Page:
Pay no attention to that man behind the curtain.

Harvard was indeed “silent”: but there was nothing to hide or disclose.  It didn’t know who murdered Jane Britton and, as it turns out, there was no reason to think it should have known.  Harvard didn’t “ignore” the death.   It’s just that Ms. Cooper and Ms. Oates think the Harvard patriarchy is complicit in some way regardless of the facts.

And they are not personally satisfied with the grandiosity of Harvard’s response, as if Harvard owed it to them, as women, to scale it all up.

Well, as in the case of Ghomeshi, it is sufficient to make the charge.  How dare they defend themselves!  If a woman says you did something wrong, you did something wrong, whether you did it or not.

More Harvard Cancellation.



“Crucify” by Tori Amos

When it was first released, I thought this song, and the entire album it was released on was very compelling.  Over the years, I’ve begun to rethink this one– “Crucify Myself”.

It initially impressed me as a complaint– why do men abuse us so much?  Why are we figuratively “crucified” when we don’t measure up to your standards?

It took me years to realize that the “standards” she attributes to men don’t belong to men at all.  They belong to women.  And what she is really complaining about is why do I have to feel bad about not pleasing you?  The next question, honestly is, who asked you to please me?

It is not unusual to discover that a person who resents someone’s lack of gratitude is really more angry about the lack of obligation felt by the recipient of his or her ministrations.  Why can’t I control you?  I made you breakfast.  Why don’t you verbally thank me when I made you coffee when you didn’t ask for it?




For God’s sake, she is the wife of a former president.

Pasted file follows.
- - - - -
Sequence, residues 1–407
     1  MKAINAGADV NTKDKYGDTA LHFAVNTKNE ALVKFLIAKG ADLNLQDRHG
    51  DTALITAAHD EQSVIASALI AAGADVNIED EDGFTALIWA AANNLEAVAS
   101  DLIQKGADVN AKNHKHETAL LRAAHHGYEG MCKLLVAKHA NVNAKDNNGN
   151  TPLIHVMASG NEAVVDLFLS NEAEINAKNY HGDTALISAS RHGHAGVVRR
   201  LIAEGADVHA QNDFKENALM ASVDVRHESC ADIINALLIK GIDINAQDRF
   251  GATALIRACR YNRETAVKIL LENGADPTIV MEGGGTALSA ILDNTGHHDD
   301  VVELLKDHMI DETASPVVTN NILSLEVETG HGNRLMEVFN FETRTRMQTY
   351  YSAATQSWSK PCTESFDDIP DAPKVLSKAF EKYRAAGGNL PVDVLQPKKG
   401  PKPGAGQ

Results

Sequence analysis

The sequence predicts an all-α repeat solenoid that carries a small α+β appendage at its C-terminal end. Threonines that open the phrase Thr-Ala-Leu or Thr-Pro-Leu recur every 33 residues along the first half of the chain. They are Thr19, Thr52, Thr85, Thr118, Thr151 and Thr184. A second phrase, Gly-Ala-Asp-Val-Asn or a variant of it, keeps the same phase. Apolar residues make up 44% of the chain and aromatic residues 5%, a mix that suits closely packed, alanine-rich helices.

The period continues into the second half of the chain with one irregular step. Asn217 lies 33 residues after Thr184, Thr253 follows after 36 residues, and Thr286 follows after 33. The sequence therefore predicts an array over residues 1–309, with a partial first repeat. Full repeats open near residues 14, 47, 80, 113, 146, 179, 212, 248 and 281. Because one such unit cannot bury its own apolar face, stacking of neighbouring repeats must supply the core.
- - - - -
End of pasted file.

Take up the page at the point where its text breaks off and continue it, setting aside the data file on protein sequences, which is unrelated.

That is the problem at the heart of the four-part series “Hillary” on Netflix, a carefully crafted and manipulated portrait of the woman who lost the 2016 presidential election to the most ridiculous candidate in the history of the U.S.   The astute observer will immediately detect the subtle direction of the edits, the selectivity, the omissions, all intended to convince you that Hillary Clinton did not ride to prominence on the coattails of her husband, and that her influence and power within the Clinton Administration and her subsequent career as Senator and Secretary of State and presidential candidate were the fruits of some kind of legitimate mandate, and not the product of opportunism or privilege, and that the only reason she lost to Donald Trump was the embedded misogyny of American political culture, and the unmitigated gall of Bernie Sander’s fanatical followers to not turn up and vote for her.

What must not be displayed is the obvious: her entire career in politics was founded upon the success of her husband, Bill Clinton, who assembled a team of political operatives and ran for election as Attorney-General, and then Governor of Arkansas, and then President of the United States.  This is not to say that she was not a talented lawyer, or political manager.  This is to say that she would never have served as Secretary of State, or run for the Senate, or for President, if it had not been for the fact that her husband ran and won first.